I'm a bit puzzled why the Conan Doyle Estate picked Anthony Horowitz to write a Sherlock Holmes pastiche. His nerd credentials include Hercule PoirotI'm a bit puzzled why the Conan Doyle Estate picked Anthony Horowitz to write a Sherlock Holmes pastiche. His nerd credentials include Hercule Poirot for TV and a few other mystery-related items, but I'll bet there are more committed Sherlockians who could've taken on this task. I suspect it's his ability to imitate ACD's writing style, which is cool if you're into Canon, but uncool if you're a modern reader. Here are some pros and cons of this imitation.
PRO: Horowitz did his research. I despise sloppy pastiches. So does the internet. If you're co-opting a character, please show the source material some respect. I think Horowitz does that, and it shows in the timeline. This case is supposed to take place during the "Adventures..." story set, and he references characters from "The Red-Headed League," etc. He has his details down, and doesn't try to insert random ones to twist the material in his favor, like a masturbatory fanfic writer. He treats Inspector Lestrade respectably, and his Watson isn't of the doddering Nigel Bruce variety. (PS - Sorry Nigel. Gotta keep it real, man.) So points for care.
CON: The writing style imitation is... nice, I guess. This is a dark story. There's a pretty horrible secret behind The House of Silk. Horowitz was trying so hard to follow ACD's style that the book missed out on a lot of atmosphere. I guess he gets a pat on a back for accuracy, but few points for actual appeal. People like me read this stuff for Victorian fog, cloaks, etc. Instead of trying to imitate a great, do it your way.
PRO: Unusual Mystery/Twists. I won't spoil what the House of Silk is, but it is pretty bad, and for Victorian times, rather salacious. Like, it's so bad, that (SPOILER!!)a certain Napoleon of Crime even deems it necessary for him to get involved. I'll admit, I thought the word "silk" was a reference to Moriarty, due to the description of him from "The Final Problem" that describes him so: "He sits motionless, like a spider in the center of its web, but that web has a thousand radiations, and he knows well every quiver of each of them." So silk... spider... yeah. Anyways, I was wrong. Cool times.
CON: Imitation = Too Old School. I read a lot of mystery, and I find it kind of lame when the Big Reveals are dependent on secret information being held in someone's head, rather than clues slowly given to the reader. This is "Old School." You'll find it a lot in British Armchair Detective writing like Agatha Christie and Nero Wolfe. I respect those authors for their literary merit, and recognize the Old School, but to me, It's some cheap deux ex machina easy-plot kind of crap, and not very respectful to a mystery-loving reader. If you don't drop the clues, you don't let the reader participate. Otherwise, they're just watching a master work. This is fine if you like character-driven fiction, but not if you're looking for artful storytelling. Sherlock Holmes is the epitome character-driven fiction. People didn't care as much about the stories as they did about him. People liked the deductions as a part of his personality.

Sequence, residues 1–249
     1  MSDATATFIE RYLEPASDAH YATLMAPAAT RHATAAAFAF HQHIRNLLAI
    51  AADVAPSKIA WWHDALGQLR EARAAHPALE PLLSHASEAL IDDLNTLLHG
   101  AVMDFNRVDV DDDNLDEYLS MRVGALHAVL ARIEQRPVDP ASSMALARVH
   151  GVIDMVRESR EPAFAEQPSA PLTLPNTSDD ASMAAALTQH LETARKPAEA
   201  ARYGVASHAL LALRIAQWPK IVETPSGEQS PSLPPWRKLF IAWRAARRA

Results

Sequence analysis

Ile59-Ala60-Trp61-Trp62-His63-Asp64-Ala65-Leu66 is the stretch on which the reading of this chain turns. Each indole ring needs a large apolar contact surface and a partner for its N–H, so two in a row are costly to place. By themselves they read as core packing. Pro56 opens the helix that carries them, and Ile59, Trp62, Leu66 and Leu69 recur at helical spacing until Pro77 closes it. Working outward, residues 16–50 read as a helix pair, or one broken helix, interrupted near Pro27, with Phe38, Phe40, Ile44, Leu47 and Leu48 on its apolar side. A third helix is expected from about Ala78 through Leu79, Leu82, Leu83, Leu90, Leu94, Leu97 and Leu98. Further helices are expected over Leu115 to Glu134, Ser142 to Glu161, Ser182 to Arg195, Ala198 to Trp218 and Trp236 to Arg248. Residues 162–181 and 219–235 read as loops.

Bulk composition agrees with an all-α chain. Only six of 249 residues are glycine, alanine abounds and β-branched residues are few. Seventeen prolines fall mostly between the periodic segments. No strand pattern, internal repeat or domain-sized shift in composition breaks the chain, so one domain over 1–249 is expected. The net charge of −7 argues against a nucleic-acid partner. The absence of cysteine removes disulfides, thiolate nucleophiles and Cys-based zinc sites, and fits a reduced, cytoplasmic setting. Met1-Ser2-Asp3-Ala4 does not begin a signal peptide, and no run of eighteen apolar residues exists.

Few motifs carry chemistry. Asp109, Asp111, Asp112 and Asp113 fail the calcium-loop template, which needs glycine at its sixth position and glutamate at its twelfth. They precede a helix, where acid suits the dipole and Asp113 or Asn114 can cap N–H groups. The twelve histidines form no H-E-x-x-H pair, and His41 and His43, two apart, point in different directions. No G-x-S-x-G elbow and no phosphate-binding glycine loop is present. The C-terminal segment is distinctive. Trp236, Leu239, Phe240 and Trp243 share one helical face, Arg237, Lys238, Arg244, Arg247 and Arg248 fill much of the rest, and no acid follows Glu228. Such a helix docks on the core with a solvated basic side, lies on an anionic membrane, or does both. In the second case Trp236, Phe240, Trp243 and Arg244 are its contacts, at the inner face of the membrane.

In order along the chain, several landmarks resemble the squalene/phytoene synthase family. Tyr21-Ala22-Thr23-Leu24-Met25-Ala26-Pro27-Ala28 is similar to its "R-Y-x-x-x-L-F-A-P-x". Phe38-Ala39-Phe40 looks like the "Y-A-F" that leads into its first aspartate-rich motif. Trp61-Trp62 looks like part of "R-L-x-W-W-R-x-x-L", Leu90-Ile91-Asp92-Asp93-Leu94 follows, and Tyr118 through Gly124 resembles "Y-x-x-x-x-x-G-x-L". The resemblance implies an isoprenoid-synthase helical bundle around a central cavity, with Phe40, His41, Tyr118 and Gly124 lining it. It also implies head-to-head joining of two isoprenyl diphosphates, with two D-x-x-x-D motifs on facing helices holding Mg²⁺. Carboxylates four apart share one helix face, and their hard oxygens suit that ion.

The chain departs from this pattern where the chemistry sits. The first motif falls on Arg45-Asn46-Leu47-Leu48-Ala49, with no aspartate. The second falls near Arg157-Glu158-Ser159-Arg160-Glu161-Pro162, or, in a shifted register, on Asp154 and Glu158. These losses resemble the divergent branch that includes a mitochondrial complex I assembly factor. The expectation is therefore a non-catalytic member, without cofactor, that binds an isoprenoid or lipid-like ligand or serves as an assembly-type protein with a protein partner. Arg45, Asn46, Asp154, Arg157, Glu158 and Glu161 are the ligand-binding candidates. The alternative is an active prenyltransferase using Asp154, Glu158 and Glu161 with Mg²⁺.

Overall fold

Unfortunately, Holmes is of that Old School, and you have to deal with it in Doyle. But, I don't have to tolerate it in modern writing. These days, Modern Mystery is about laying out the Important Clue in the beginning of the story in an offhand way, and that clue doesn't become signficant until later. I call it the "Slap-Your-Head-Say-Duh!" Reveal - it's much more satisfying for a participatory reader. That type of mystery writing developed with Raymond Chandler and the advent of Noir, when murder became more artful (if you're Chandler).
So, in short: Horowitz is bogged down by imitating Doyle, and misses out on the opportunity to do something unique with this character. ...more
The only story worth reading in this anthology is obviously the one by Neil Gaiman. Neil's story is quietly devastating, but some of the others kind oThe only story worth reading in this anthology is obviously the one by Neil Gaiman. Neil's story is quietly devastating, but some of the others kind of felt like a Sherlockian circle-jerk. Laurie R. King, honey. Please stop....more